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Conference Paper

Stability of genotype frequencies in an intermittent Daphnia magna population.

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http://pubman.mpdl.mpg.de/cone/persons/resource/persons56828

Mitchell,  S. E.
Department Ecophysiology, Max Planck Institute for Limnology, Max Planck Institute for Evolutionary Biology, Max Planck Society;

http://pubman.mpdl.mpg.de/cone/persons/resource/persons56990

Weider,  L. J.
Department Ecophysiology, Max Planck Institute for Limnology, Max Planck Institute for Evolutionary Biology, Max Planck Society;

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Mitchell, S. E., Carvalho, G. R., & Weider, L. J. (1998). Stability of genotype frequencies in an intermittent Daphnia magna population.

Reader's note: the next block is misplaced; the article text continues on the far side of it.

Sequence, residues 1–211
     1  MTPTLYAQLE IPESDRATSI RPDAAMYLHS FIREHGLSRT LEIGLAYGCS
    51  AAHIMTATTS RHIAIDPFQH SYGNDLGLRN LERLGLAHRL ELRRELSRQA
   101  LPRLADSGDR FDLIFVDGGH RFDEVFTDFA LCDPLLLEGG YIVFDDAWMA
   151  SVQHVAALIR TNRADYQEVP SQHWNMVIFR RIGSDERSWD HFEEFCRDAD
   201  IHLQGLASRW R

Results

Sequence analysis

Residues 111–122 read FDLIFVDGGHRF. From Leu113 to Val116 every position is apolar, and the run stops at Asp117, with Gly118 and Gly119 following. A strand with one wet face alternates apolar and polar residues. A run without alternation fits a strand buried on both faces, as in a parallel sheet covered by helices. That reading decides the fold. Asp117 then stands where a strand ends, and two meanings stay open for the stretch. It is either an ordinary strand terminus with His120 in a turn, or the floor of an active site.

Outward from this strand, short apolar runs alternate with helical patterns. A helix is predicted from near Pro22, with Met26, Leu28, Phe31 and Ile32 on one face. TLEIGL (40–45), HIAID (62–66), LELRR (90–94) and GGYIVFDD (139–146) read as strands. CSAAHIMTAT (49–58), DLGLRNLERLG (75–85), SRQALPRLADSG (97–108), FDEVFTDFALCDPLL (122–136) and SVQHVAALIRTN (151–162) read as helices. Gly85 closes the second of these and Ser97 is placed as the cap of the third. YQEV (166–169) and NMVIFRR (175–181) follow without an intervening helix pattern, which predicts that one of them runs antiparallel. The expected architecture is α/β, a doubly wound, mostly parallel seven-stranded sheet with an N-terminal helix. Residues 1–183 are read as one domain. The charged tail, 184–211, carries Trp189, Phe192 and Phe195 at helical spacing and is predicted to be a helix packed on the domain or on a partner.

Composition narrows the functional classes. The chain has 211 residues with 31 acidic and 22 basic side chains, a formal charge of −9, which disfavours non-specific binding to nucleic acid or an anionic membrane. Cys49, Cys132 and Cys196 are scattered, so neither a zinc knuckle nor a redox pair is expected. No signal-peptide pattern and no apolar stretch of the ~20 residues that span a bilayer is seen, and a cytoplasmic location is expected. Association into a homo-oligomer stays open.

Cite as: http://hdl.handle.net/11858/00-001M-0000-000F-E1A6-0
Abstract
Intermittent populations of cyclic parthenogens such as Daphnia magna (Crustacea: Cladocera) have a population genetic structure that is characterised by recurrent bouts of sexual mixis, which theoretically yields a wide array of genotypes, and is quite different from that found in permanent pond populations. The Daphnia magna population in an intermittent, large shallow lake in Northern Germany has two major periods of sexual reproduction during the year, usually in May and late summer before the pond is drained. Assuming random mating during sexual reproduction, one might expect numerous clones to emerge from the ephippial hatchling pool. However, the multi-locus genotype composition was not significantly different among the ephippial hatchlings in both spring 1995 and 1996, and the adult populations in summer 1994, 1995 or 1996.